donlowry17 Jul 2022 9:08 a.m. PST

Don't know how long Ken Burns' documentary series is, maybe too long to fit your parameters, but it's by far the best video mentioned here to get the whole picture. (Glory and Gettysburg are good for their topics, as is Red Badge of Courage, oh, and Lincoln of course. There was also a made-for-TV mini-series called Gore Vidal's Lincoln that was pretty good.)

Au pas de Charge17 Jul 2022 9:30 a.m. PST

Charge, Thomas Jackson was a Calvinist Presbyterian, same as me, and he/we are weird dudes. What you thought was bad acting was more an accurate portrayal of a very different sort of personality than you may be familiar with.

I was raised in the Presbyterian church too. I don't think I'm weird but I am unfamiliar with this different Presbyterian personality?

doc mcb17 Jul 2022 10:40 a.m. PST

Which Presbyterians? There are many, as you no doubt know. Stonewall was a Calvinist through-and-through. That made him very assured (you can see that in his refusal to tell others what his plans were) and utterly indifferent to physical risk. There's also a certain type of fatalism, not for oneself but for other people.

Escapee Supporting Member of TMP17 Jul 2022 2:57 p.m. PST

If I was forced to use films, Burns would be my choice because of the many quotes and photographs. Its about real people. It is even handed, does not ignore slavery. Has a lot of historical content packed into it. Shelby Foote may be a little Lost Cause sometimes. It's long, but when you are done,it feels like you have been through the war.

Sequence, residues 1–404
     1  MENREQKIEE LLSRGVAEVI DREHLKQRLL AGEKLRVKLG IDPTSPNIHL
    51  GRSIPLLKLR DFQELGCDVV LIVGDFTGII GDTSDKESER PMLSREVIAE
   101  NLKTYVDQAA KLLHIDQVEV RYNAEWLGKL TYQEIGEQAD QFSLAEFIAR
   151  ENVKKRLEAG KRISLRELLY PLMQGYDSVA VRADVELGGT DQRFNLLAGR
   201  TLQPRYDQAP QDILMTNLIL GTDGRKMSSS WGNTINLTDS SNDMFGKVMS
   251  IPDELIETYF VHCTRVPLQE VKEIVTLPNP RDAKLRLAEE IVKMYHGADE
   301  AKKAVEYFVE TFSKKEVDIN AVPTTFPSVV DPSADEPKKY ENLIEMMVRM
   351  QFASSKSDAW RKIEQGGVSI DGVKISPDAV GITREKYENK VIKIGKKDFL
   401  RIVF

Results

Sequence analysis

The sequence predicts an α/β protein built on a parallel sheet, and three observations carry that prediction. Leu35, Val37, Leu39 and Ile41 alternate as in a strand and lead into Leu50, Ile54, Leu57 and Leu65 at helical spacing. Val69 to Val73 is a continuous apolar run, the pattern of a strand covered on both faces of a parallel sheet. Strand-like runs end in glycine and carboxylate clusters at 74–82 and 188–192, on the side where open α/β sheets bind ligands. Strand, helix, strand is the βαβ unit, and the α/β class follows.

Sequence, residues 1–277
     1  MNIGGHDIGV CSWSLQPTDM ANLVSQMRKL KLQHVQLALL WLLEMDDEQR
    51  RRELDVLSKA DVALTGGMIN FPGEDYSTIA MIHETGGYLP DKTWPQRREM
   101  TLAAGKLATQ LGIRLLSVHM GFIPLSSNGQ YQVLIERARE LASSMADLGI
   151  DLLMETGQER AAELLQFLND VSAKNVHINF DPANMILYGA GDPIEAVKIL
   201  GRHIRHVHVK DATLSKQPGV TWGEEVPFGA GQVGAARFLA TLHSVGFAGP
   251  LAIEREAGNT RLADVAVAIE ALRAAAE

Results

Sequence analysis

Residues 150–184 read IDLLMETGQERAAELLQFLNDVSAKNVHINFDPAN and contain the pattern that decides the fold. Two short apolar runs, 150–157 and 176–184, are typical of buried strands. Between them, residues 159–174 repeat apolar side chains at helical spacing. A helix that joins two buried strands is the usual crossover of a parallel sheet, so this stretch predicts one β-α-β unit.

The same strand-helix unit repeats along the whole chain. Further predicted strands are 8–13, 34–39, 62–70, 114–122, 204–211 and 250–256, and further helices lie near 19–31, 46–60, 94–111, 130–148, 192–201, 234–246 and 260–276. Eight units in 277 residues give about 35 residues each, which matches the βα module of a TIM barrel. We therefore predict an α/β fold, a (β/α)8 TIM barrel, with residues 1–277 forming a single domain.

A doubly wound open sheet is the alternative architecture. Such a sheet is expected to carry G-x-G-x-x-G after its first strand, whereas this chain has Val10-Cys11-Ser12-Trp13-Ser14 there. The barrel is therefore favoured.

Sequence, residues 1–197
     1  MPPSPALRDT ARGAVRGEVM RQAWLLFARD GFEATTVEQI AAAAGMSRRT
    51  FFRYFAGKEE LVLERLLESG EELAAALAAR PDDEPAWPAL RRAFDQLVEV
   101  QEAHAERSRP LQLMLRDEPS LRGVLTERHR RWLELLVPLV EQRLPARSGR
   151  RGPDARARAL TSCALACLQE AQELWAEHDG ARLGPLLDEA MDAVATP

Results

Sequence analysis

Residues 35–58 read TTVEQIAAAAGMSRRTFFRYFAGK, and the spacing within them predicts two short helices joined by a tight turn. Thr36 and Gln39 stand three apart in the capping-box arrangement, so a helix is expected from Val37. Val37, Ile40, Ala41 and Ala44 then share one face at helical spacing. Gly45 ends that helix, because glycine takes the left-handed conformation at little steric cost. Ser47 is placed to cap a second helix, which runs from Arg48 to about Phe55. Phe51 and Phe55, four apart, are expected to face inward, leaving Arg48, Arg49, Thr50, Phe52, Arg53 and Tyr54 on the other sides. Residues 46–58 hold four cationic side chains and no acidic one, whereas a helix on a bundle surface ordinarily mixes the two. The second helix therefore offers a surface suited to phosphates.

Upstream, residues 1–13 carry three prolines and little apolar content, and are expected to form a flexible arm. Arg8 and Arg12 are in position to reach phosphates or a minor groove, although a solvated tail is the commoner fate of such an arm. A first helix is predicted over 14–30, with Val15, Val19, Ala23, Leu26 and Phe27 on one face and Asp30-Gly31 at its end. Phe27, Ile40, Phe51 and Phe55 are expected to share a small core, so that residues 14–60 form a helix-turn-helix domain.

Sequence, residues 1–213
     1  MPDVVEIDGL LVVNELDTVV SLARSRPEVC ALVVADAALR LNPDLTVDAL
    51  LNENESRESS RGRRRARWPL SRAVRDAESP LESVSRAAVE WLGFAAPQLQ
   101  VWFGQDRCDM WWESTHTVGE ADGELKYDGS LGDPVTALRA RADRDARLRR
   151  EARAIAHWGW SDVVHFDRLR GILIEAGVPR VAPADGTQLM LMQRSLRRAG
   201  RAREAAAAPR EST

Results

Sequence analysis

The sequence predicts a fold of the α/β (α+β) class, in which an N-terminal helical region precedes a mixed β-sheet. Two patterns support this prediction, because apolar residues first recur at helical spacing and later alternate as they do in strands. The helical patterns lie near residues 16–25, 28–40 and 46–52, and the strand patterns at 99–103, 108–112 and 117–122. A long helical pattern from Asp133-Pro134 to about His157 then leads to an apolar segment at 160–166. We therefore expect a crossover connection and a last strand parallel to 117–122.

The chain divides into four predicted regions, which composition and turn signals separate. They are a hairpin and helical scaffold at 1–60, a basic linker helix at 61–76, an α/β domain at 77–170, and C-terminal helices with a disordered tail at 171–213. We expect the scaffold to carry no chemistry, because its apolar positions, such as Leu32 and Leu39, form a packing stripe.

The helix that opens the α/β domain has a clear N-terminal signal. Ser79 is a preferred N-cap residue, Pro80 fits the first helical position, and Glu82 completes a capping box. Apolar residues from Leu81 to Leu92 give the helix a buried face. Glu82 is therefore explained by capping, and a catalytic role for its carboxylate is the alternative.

HansPeterB17 Jul 2022 9:59 p.m. PST

Basically donlowry +1. If we have to do film, not books, I guess that I'd go with Glory, Gettysburg, Lincoln, and Red Badge of Courage -- then it gets harder… Maybe Cold Mountain and Gangs of New York. As for Gods and Generals, well, imo any movie that can make that moment in American history boring is a crime. I guess that Gone with the Wind has value as a piece of period history but without extensive contextualization its portrayal of the American antebellum South would do students more harm than good. If we can count Ken Burns, then, absolutely, it would provide the best learning experience overall.

doc mcb18 Jul 2022 7:29 a.m. PST

The premise of the OP is that students would spend 3 hours -- a week of class time -- discussing each film. That is contextualization. And of course books are better, except for the fact that fewer and fewer people either CAN read or DO read. Whereas many get what little knowledge of history they have from Hollywood.The point is to teach the limits of films as history.

But there is a great deal of truth to GONE WITH THE WIND, as well as some obvious problems.